This frequent relocation can also lead to loneliness among military spouses, and MLMs offer to help those who are seeking new friendships. But Blevins, who had her own negative experience selling for Beachbody, warned the friendships you make when you join an MLM may not last once you stop participating, and you run the risk of losing your existing friends if you start bombarding them with sales pitches.

The difference between a legitimate opportunity and a scam

You’ll find people who are superfans of multilevel marketing programs and others who despise MLMs as a whole. Perhaps the truth lies somewhere between these two extremes.

Marinello confirmed, “There are a lot of good MLM opportunities out there. They are not all scams.” But they require due diligence before signing up. To properly vet an MLM, Marinello suggests reading income disclosures to “see who’s making money [and] at what level.” You should also review compensation plans and rely on outside resources to help shape your decision.

If you want to learn more about a specific direct selling organization, the following ideas may help:

  • Check with your state attorney general for complaints before signing up for any networking marketing opportunity.
  • Search online to see if any lawsuits have been filed against an MLM before joining — such as the FTC’s settlement with Herbalife or the more recent lawsuit brought against LuLaRoe by the Washington state attorney general.
  • Talk to former consultants or search online for the opinions of people who once joined a particular MLM but ultimately left.
  • The BBB Institute for Marketplace Trust sponsors the Military & Veterans Initiative — a program designed to help veterans, servicemembers and their families avoid scams.
  • The Direct Selling Self-Regulatory Council (DSSRC), a collaboration between the BBB and the Direct Selling Association (DSA), is another solid resource to use when vetting MLMs.

How to spot a pyramid scheme

Some MLMs are pyramid schemes in disguise. A pyramid scheme may look like a legitimate network marketing opportunity on the outside. But there are key distinctions that could waste both your time and your money if you fall for it.

  • You don’t earn money by selling a legitimate product or service.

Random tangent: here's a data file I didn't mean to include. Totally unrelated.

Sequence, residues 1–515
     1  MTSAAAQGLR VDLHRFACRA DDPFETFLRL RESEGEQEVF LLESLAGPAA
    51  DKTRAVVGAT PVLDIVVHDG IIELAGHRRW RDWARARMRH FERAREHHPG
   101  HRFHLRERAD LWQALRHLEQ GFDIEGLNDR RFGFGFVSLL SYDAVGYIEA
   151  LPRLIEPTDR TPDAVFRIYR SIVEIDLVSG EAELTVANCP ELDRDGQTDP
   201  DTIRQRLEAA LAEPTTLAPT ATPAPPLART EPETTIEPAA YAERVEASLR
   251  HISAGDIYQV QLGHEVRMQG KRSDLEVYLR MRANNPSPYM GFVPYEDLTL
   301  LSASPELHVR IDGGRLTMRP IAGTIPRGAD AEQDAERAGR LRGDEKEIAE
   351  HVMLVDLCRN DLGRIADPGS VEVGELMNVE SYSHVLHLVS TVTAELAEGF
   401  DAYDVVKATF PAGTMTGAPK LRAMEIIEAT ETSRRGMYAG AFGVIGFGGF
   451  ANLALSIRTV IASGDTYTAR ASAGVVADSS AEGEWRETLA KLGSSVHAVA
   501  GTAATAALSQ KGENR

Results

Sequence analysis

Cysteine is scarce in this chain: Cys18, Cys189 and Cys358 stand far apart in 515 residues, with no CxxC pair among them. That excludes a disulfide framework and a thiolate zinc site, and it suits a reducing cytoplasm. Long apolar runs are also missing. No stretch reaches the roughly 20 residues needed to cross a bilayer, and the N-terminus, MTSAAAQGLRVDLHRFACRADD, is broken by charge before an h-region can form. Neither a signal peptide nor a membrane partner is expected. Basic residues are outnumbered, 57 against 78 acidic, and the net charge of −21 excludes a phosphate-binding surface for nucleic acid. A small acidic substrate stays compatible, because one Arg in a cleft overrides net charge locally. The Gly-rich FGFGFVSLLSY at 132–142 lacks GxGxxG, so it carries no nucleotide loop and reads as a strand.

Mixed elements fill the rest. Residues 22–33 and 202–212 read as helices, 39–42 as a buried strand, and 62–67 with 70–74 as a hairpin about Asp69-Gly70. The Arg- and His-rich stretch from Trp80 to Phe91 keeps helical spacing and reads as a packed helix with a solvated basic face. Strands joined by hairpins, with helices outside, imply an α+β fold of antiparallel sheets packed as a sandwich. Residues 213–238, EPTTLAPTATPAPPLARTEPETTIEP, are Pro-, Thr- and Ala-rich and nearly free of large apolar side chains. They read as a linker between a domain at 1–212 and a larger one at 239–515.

• You’re trained to focus primarily on recruiting new team members underneath you.
  • Financial statements from the company either (a) are not available or (b) show that the MLM earns most of its money from recruitment instead of sales.
  • The commissions you earn come primarily from money paid by new team members themselves, not outside sales.

Working for an MLM is not a quick fix to your financial struggles

The reality doesn’t always live up to the hype where MLMs are concerned. Some MLM participants are quick to over-promise your chances of success in an effort to add a new team member to their network.

In reality, most people who join MLMs don’t earn the enormous sums of money often advertised by salespeople. AARP’s study found that nearly 21 million Americans have participated in an MLM. Yet only 7% earned over $10,000. Fewer than 1% earned more than $100,000.

Even those who do manage to make some money through MLMs may have to work much harder to earn that income when compared with other jobs. A MagnifyMoney survey finds that the vast majority of multilevel marketing participants earn less than 70 cents an hour.

Kirlew also advised approaching MLMs with the right mindset. “While MLM’s are pitched as a great way to earn extra income, people should know it’s not like a part-time job, but rather a part-time business.”

“If someone has a need for immediate income,” he continued, “I would recommend a part-time job and not an MLM.”

Most businesses don’t succeed — including MLMs — Kirlew pointed out. “The extra added pressure of trying to meet short-term financial goals is usually not a good combination with starting a new business.”

If you’re already in debt because of an MLM investment or other financial missteps, there are a number of tools you can use to improve your situation. This guide detailing financial resources for veterans in debt is a great place to start.

Seven red flags to look for before joining a multilevel marketing team

  1. Beware of MLMs that require a hefty buy-in. If you’re asked to put up a large upfront amount to join, Kirlew said it could be a sign of a scam.
  2. An aggressive sign-up pitch is cause for concern. Kirlew advised looking out for “high-pressure sales tactics to get you to sign up” when you’re considering an MLM. If someone tells you to “act now” or lose out on an opportunity, you should probably walk away.